Tuesday 3rd September 2019
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In an unusual case, an Australian court has decided the New Zealand High Court should cooperate with its Australian counterpart and hold a joint hearing to resolve matters in the A$19 million Halifax liquidation.
The decision of the Australian Federal Court brings investors a step closer to recovering funds, and may set a new legal precedent in cross-border cooperation.
Online broker Halifax was moved into liquidation in November last year with KPMG’s Morgan Kelly, Stewart McCallum and Phil Quinlan appointed. Early estimates say 2,100 New Zealand investors will get back 85-95 cents in the dollar from trust funds and can then join unsecured creditors in the claims for the remaining money.
The ruling of Justice Jacqueline Gleeson dated Aug. 22 suggests a joint hearing, held in one location or aided through audio-video link, in order to sort out what to do with creditors' funds. The liquidators have indicated clients in both jurisdictions also want to have their say in court.
Evidence from KPMG was that 98 percent of the funds held on trust were affected by commingling.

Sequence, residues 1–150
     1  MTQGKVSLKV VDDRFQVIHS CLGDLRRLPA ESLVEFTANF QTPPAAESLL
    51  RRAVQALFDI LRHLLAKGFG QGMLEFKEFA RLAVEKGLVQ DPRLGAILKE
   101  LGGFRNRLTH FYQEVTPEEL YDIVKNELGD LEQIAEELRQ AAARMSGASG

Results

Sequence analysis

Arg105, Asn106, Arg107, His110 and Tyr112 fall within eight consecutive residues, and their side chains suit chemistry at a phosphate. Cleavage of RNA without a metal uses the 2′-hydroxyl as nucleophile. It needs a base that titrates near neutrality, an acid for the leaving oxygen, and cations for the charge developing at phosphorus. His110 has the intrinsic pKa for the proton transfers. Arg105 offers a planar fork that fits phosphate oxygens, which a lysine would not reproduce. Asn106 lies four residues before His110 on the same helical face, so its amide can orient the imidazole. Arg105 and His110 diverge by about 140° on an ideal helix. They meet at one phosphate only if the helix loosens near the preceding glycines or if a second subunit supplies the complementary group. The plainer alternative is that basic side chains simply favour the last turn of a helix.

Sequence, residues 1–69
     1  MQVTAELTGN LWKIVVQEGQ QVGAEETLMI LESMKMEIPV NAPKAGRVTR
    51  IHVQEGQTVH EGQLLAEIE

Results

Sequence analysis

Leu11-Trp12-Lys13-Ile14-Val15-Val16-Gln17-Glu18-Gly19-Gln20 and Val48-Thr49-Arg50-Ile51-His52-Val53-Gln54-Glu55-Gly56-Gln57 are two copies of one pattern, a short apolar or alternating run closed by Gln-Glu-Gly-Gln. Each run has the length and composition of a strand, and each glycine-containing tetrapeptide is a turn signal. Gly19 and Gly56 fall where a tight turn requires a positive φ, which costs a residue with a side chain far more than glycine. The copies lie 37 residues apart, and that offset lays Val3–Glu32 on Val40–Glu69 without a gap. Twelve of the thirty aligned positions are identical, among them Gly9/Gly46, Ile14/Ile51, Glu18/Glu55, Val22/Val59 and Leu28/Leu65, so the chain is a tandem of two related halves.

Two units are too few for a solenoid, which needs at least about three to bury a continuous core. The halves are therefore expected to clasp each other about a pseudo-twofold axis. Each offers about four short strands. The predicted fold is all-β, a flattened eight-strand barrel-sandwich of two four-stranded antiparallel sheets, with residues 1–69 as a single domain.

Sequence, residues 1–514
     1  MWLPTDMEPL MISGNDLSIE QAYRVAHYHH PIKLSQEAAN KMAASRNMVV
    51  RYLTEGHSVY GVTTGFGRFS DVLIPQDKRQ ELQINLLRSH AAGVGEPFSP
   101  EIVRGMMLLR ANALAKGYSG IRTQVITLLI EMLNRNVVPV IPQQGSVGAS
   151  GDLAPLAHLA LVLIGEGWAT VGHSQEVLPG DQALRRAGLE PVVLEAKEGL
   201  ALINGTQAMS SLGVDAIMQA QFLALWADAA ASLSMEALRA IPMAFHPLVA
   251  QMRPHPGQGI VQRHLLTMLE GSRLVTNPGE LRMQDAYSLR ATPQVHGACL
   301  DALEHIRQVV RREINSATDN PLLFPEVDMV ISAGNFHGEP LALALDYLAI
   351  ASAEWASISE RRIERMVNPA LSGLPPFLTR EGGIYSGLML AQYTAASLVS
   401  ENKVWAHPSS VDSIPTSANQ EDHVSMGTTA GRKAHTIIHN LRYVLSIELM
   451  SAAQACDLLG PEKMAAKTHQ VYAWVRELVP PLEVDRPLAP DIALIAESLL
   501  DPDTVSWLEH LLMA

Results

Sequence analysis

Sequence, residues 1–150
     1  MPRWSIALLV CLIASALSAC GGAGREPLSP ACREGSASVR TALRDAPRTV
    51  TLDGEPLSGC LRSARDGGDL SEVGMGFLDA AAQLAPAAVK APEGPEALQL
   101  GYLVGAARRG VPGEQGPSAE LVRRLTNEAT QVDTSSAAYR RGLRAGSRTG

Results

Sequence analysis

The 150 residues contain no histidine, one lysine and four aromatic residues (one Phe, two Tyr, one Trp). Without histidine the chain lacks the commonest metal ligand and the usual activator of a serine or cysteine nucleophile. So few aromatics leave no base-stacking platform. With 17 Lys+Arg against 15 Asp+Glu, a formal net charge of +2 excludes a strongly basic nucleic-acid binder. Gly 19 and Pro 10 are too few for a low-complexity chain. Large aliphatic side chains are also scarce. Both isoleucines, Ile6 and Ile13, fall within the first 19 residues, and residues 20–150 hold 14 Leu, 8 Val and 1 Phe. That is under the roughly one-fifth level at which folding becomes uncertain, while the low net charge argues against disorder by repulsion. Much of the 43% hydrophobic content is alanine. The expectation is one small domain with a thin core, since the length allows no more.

A key question for the courts will be whether the funds should be pooled, and how to distribute them to the clients, as well as how to deal with foreign currency, and the expenses of the liquidation.
Opening the door to a joint hearing, but suggesting the liquidators talk with creditors first, Justice Gleeson said the courts should cooperate.
“This case presents as a classic case for cross-border cooperation between courts to facilitate the fair and efficient administration of the winding up of Halifax AU (and Halifax NZ) and will protect the interests of all relevant persons.”
The lawyer for the liquidators, K&L Gates partner Jason Opperman, said a New Zealand proceeding had not yet been filed, and it was not clear whether it could be heard in court or determined on the papers.
Kensington Swan partner James McMillan said while it is not unusual for overseas liquidators to seek the assistance of New Zealand courts, it was different for Australia and New Zealand judges to sit together to hear applications.
However, the New Zealand Insolvency (Cross-border) Act 2006 had given wide powers to New Zealand courts to help foreign insolvency proceedings.
“The New Zealand High Court has demonstrated a willingness to cooperate with and assist overseas courts in respect of insolvency matters,” McMillan said.
Buddle Findlay partner David Broadmore said a joint hearing seems to make sense as New Zealand courts give assistance to foreign courts in most jurisdictions.
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